Pretrial hearing continues for officials charged in water crisis - WNEM TV 5

Pretrial hearing continues for officials charged in water crisis

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(Source: WNEM) (Source: WNEM)
FLINT, MI (WNEM) -

Wednesday marked the second day of testimony in the pretrial hearing for several state officials accused of contributing to the Flint water crisis.

Leanne Walters, a mother who helped blow the whistle on the crisis back in 2015, took the stand on Wednesday.

She and her four children began suffering the effects of lead in the water in 2015.

On Wednesday, she gave key testimony about steps she took to let state officials know her water had been infiltrated by lead and the agony her family went through because of lead laced pipes.

She said she and her children suffered from a variety of health issues ranging from rashes to physical pain.

"When Mr. Glasgow left the message on my phone, it was almost 5 o'clock in the afternoon. And he had left a message that he had just gotten my results back and that I needed to make sure that we weren't drinking the water. And specifically, do not mix my kids' juice with the water. And that I needed to get a hold of him immediately," Walters testified.

In court, Prosecutor Todd Flood went through the timeline of events at the start of Walters' troubled water.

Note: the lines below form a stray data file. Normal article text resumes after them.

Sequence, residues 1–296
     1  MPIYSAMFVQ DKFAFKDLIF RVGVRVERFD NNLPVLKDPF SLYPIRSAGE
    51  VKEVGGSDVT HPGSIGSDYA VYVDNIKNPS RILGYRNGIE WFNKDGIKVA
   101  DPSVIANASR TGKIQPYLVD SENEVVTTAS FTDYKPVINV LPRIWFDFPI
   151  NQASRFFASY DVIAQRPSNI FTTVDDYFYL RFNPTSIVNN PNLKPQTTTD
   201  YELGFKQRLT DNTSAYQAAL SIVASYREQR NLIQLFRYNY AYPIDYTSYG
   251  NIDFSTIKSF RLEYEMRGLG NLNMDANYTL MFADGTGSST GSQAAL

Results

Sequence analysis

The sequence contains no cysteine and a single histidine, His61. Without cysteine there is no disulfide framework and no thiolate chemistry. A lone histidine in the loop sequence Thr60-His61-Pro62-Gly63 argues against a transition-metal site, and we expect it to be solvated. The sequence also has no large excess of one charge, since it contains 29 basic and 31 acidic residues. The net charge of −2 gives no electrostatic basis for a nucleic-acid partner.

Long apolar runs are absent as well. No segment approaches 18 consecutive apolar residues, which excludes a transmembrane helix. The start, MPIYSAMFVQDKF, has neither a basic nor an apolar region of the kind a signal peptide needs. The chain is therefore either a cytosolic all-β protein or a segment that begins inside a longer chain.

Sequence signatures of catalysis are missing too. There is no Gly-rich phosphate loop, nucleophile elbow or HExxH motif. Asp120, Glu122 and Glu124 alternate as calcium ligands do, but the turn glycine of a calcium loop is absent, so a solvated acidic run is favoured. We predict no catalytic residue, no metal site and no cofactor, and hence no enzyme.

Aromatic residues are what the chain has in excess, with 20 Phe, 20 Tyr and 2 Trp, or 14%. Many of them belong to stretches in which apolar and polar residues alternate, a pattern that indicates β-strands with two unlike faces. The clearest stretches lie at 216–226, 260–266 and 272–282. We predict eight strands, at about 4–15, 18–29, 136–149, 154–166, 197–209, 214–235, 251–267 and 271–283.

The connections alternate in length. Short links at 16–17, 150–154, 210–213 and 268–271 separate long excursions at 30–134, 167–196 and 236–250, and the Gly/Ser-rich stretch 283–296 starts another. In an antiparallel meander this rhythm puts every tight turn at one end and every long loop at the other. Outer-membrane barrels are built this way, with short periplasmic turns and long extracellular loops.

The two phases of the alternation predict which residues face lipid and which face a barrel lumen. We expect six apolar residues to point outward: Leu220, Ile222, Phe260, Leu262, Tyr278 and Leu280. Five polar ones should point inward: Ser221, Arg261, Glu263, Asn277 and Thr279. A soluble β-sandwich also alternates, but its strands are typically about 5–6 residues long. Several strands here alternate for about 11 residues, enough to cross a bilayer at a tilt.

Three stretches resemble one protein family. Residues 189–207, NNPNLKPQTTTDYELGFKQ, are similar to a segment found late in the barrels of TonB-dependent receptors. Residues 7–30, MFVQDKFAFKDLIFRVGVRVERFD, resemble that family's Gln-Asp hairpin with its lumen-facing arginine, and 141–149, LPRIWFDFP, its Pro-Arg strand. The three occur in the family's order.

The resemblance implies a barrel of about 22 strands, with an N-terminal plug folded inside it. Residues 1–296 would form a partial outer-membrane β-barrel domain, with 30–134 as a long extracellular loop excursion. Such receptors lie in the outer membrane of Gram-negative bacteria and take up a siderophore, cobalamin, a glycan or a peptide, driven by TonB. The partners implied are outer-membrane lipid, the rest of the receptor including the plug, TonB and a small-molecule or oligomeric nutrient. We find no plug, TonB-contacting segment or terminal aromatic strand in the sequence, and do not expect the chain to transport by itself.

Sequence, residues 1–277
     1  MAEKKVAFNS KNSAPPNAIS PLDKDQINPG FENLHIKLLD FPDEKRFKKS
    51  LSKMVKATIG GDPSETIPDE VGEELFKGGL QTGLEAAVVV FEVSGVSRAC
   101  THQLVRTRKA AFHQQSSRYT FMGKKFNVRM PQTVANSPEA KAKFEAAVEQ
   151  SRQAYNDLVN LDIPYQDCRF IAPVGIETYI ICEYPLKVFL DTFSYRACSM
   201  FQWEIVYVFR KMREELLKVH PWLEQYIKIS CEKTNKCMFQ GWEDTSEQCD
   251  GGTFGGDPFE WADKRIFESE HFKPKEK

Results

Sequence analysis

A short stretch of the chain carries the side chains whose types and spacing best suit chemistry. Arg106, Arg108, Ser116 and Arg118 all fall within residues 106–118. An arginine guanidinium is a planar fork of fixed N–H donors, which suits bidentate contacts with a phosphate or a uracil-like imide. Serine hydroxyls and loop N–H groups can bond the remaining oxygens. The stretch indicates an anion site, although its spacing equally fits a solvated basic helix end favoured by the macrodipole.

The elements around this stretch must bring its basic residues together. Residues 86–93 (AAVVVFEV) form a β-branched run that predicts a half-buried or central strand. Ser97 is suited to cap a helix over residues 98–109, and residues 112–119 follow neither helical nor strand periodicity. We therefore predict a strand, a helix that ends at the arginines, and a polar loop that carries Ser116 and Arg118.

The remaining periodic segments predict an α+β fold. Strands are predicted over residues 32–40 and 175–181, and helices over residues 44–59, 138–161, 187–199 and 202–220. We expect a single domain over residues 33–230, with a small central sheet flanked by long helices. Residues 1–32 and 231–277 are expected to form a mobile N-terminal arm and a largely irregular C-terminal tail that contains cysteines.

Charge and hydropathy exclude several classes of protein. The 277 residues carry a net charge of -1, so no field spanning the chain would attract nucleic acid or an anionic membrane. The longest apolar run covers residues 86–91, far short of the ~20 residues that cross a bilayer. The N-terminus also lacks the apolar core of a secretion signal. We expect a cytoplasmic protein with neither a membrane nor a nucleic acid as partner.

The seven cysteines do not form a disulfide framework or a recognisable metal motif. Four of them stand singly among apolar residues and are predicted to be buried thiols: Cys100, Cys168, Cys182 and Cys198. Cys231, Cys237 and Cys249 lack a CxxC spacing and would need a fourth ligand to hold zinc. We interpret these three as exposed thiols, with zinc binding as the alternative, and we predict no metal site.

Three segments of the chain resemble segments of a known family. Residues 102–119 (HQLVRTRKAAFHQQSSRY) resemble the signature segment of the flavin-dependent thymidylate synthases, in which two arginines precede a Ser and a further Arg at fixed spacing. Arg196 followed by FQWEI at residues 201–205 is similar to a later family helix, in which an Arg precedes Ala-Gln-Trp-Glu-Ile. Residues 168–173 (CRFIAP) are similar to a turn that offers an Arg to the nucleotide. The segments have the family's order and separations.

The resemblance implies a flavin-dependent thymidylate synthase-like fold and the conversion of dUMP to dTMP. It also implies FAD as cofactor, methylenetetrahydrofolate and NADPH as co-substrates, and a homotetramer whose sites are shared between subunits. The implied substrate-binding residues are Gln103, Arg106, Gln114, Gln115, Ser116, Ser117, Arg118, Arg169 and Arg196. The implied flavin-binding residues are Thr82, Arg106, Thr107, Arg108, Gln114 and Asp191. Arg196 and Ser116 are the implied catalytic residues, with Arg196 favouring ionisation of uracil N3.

Walters said initially her water was testing seven times higher than the recommended level for lead. She said she tried to get the attention of one of the defendants, Liane Shekter-Smith with the DEQ, after getting her water quality report.

"I did discuss it with Liane Shekter-Smith and tried to hand it to her," Walters said. "She wouldn't take it."

Walters went on to say Shekter-Smith told her the reason she wouldn't take the water report is because she had already received it.

She said she tried to show city leaders like Gerald Ambrose and Michael Prysby proof her water was undrinkable.

"Because of the discolored water that had been coming into my house. It was almost a daily occurrence. We had actual bottles of it that were dated and timed from my family, me and my husband. We were showing those bottles to them. We were showing them what the bottle looked like. And it wasn't going very well. They were telling me that that wasn't my water," Walters said.

The hearing is expected to continue on Thursday.

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